The two sides looked to have a deal that was about to close. Then suddenly, it didn't.
Sources say that after five calls to negotiate a contract for Madson over a week's time, Phillies GM Ruben Amaro proposed $44 million over four years, and that Madson accepted those terms about an hour or two later. After Madson accepted, word also is that Amaro interjected that he needed to get the approval of Phillies CEO and managing partner David Montgomery.
That surprise revelation technically came right after Amaro and agent Scott Boras discussed adding a $13-million vesting option for a fifth year, which followed Madson's acceptance of the terms. An even greater surprise came the next day when Amaro is said to have called Boras back to say he had been unable to get the approval from Montgomery, effectively ending a deal Madson once believed he'd agreed to.
Amaro at that point is believed to have asked if anything else could be done, a seeming suggestion that he'd be open to negotiating the deal downward. Madson was not about to do that after he assumed his acceptance of the proposal meant they were about to have a deal.
Amaro declined by phone to answer whether he had made a four-year proposal to Madson for $44 million, or for that matter whether Madson had accepted such a proposal, citing his preference to keep the specifics of negotiations secret. Amaro did repeat his assertion that there was no agreement and this time added "either verbal or in writing.''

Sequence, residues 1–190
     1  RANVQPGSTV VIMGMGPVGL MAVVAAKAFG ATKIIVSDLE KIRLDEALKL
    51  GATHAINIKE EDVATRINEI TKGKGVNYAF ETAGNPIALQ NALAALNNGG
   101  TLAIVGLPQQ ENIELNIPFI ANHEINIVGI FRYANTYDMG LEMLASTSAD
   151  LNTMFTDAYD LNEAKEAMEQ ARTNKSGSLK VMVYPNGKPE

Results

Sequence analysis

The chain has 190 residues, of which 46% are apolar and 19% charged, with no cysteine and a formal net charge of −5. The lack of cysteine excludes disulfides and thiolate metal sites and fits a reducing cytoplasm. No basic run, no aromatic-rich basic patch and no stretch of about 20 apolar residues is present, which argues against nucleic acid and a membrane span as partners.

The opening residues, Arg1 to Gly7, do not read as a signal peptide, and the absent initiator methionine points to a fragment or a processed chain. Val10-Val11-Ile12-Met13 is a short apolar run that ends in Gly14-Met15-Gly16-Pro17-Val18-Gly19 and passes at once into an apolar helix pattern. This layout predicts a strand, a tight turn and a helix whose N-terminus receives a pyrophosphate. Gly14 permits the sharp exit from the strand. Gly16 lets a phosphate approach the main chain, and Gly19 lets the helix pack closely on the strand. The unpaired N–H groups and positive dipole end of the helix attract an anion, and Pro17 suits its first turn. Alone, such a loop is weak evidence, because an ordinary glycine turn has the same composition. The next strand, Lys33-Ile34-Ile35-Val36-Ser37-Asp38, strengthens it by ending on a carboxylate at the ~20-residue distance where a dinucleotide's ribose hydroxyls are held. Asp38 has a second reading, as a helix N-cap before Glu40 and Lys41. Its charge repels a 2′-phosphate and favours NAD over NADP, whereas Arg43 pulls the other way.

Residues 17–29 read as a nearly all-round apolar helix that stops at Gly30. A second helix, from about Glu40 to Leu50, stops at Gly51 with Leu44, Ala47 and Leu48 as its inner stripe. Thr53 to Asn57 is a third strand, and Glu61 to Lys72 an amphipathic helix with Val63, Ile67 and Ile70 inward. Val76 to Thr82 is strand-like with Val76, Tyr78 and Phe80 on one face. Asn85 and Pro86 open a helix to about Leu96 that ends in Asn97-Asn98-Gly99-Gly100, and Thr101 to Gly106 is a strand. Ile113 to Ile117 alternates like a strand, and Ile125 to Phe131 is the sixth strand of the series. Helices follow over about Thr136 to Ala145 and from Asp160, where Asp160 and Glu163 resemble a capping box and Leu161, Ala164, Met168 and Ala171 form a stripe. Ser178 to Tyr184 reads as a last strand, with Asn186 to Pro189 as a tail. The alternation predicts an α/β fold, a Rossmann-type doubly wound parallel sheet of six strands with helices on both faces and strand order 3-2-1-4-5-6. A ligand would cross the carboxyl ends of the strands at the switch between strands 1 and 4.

Well, if agreement means a done deal, that is certainly the case. Nothing was ever formalized or signed, and the Phillies wound up instead signing Jonathan Papelbon a few days later for $50 million over four years.
Amaro doesn't like the suggestion he changed his mind on Madson, which is understandable. "I will stand by my history of integrity forever,'' Amaro said.
Amaro declined to say by phone whether he told Boras that he needed Montgomery's OK after Madson accepted. He did say, however, that Montgomery was aware of all the negotiations as they occurred and that Montgomery wasn't responsible for killing the deal, suggesting instead they both weren't comfortable with the length. GMs say they don't enter negotiations without the authority to do a deal, nor do they certainly have five negotiating sessions only on a hope that there may be future approval. Amaro didn't disagree that he has authority. So it's hard to understand why Amaro would tell them he needed Montgomery's approval (though he declined comment about whether he ever said that).